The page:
Over the summer, as we prepared for our transition to Iranian school, I kept telling myself this would be a fascinating and highly educational experience. My reading and writing in Farsi would improve and reach the proper grade level, resolving the handicap I had in my own language as a result of attending American schools all my life. And it would be a transformative experience to be among my own, I told myself.
But now that the day had finally arrived, I was willing to forgo such lofty aspirations. I would have groveled at the depths of ignorance to be spared the experience.
My mother stood still as my sister and I wrenched ourselves away from her. We heaved our bodies slowly forward, away from the magnetic center, down a mound of dirt that dropped to the sidewalk leading to the school gate. Monitors accosted us, checking our bags, not for guns or weapons but for lipstick, hairbrushes, even little mirrors that could reflect a bit of vanity. Any object aiding and abetting the enhancement of physical appearance was considered dangerous contraband. Anything other than mandated textbooks, corresponding notebooks, pens and pencils was confiscated. No comic books, magazines, newspapers or photographs passed this threshold. Nothing that could take the mind off the propaganda at hand was tolerated.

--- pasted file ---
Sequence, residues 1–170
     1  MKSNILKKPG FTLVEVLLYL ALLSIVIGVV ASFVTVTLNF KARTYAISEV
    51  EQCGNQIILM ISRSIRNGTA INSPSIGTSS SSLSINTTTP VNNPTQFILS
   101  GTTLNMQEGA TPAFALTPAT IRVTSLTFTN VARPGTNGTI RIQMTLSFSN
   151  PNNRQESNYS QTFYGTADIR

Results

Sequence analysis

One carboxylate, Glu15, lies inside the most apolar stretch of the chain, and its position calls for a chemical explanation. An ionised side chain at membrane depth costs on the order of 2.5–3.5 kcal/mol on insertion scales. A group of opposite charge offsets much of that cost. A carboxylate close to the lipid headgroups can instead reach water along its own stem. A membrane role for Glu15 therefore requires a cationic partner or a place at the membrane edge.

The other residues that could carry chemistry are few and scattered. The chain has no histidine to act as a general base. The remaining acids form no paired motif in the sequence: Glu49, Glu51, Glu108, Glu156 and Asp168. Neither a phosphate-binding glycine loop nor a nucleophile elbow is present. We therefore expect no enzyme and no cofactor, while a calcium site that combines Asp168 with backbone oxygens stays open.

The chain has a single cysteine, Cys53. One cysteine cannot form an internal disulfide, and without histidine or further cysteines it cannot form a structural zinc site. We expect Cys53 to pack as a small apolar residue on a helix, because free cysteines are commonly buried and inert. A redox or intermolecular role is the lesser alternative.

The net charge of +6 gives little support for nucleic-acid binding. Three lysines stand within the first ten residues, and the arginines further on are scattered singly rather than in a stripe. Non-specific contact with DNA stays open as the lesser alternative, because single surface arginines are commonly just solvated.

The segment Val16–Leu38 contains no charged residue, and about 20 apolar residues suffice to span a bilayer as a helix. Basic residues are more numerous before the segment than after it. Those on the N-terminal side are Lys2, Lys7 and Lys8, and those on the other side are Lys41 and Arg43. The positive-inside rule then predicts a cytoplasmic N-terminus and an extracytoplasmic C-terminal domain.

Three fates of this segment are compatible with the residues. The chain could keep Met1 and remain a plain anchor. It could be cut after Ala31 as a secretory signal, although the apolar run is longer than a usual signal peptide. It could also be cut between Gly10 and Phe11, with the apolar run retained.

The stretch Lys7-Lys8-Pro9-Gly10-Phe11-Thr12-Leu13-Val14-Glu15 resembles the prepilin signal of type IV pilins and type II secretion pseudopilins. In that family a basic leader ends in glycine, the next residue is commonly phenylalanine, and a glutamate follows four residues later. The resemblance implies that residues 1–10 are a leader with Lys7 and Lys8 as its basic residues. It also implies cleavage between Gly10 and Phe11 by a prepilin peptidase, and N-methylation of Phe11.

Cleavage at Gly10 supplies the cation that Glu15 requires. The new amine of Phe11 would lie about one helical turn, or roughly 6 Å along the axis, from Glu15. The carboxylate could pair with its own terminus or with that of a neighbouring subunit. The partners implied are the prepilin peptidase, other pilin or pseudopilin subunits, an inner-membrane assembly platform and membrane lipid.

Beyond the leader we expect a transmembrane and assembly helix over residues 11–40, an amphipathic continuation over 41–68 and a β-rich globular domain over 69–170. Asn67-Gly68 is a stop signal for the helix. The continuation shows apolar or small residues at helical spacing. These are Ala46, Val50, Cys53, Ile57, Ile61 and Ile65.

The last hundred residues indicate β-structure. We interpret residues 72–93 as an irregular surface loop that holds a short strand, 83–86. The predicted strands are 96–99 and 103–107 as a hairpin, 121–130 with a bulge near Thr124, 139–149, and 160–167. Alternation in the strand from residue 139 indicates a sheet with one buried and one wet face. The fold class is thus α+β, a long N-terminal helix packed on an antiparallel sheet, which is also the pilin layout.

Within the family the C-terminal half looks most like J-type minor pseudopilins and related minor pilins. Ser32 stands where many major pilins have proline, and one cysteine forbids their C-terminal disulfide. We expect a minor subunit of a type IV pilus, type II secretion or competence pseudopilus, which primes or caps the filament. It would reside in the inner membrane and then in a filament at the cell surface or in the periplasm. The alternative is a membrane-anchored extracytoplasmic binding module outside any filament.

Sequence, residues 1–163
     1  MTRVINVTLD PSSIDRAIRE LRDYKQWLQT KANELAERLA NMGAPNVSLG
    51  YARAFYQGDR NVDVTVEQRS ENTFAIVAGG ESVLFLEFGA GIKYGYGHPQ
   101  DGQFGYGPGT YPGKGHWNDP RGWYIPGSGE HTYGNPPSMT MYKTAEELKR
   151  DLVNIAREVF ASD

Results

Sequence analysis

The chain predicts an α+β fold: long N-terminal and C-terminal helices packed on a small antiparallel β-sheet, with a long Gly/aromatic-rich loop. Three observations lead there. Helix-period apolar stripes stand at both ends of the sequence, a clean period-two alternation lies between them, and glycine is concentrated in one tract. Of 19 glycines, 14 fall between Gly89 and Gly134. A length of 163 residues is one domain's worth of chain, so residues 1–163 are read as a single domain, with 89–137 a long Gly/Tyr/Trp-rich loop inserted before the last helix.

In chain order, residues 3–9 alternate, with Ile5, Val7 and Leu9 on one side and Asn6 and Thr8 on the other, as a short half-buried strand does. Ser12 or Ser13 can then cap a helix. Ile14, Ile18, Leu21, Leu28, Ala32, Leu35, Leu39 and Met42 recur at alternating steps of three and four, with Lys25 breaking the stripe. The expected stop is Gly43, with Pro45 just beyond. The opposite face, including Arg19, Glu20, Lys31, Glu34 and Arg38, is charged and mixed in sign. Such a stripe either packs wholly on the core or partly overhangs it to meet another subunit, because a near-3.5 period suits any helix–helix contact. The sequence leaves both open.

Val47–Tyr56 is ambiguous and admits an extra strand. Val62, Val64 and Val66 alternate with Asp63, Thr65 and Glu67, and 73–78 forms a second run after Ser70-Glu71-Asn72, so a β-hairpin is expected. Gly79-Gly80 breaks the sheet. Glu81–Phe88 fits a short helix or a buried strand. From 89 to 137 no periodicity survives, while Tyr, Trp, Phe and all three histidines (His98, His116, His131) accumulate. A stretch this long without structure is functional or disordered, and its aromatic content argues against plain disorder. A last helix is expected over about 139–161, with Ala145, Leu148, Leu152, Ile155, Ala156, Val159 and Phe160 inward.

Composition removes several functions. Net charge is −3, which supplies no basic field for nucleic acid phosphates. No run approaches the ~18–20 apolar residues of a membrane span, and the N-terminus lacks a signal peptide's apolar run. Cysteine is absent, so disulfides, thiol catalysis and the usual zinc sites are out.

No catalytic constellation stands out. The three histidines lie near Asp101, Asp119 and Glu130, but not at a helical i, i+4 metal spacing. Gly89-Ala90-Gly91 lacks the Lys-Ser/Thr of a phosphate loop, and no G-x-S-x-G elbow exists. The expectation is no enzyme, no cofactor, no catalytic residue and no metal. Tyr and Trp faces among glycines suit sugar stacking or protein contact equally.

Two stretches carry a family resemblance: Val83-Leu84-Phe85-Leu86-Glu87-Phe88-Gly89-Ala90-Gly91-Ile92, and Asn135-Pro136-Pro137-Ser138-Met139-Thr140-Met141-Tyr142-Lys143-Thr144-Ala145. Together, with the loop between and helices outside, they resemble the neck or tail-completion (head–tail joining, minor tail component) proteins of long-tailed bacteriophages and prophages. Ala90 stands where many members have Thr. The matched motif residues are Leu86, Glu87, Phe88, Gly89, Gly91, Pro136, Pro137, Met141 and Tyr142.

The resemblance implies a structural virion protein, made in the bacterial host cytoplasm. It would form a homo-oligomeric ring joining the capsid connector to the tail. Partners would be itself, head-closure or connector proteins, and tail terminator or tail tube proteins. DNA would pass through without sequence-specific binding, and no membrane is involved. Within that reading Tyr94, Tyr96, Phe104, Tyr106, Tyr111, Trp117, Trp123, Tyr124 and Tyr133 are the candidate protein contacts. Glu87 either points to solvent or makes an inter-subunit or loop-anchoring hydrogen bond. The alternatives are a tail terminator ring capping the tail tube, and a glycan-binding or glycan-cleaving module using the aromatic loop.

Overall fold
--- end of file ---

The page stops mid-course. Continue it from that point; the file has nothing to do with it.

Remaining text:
A final frisk and then we filed into the courtyard where everything looked even more depressing than it had from the outside. There were no trees, no grass, no architecture, no benches nor a single seat. There were bars on every window, like a penitentiary. I had seen the bars on the higher floors while driving by the school earlier that summer. My father, spinning his optimism, had told us they were there for safety, “to prevent falling out.” But now I could see there were bars on the ground floor windows as well. Everything was geared to keep us forcibly in place, at least from 8 a.m. until 2 or 3 p.m., when we would mercifully be let out again.
Hundreds of students were already assembled in semi-coherent lines, arranged alphabetically by grade level. My sister and I had to separate. I assured her I would be nearby. I reluctantly took her to the sixth-grader line and left her there.
As we waited in our respective lines under the beating sun, Islamic chants with themes of “Holy Victory” and “Death to the Evil Empire” blared from a tape recorder. For greater effect, the contraption was placed in front of a microphone on the second floor before an open window. Unequipped to handle the decibel level, the cheap sound system delivered a deafening thud each time they tried to raise the volume to hide the fact we weren’t chanting along. To avoid highlighting this, school officials kept having to turn the sound of the recorder down and then yell at us to shout louder in the ensuing silence.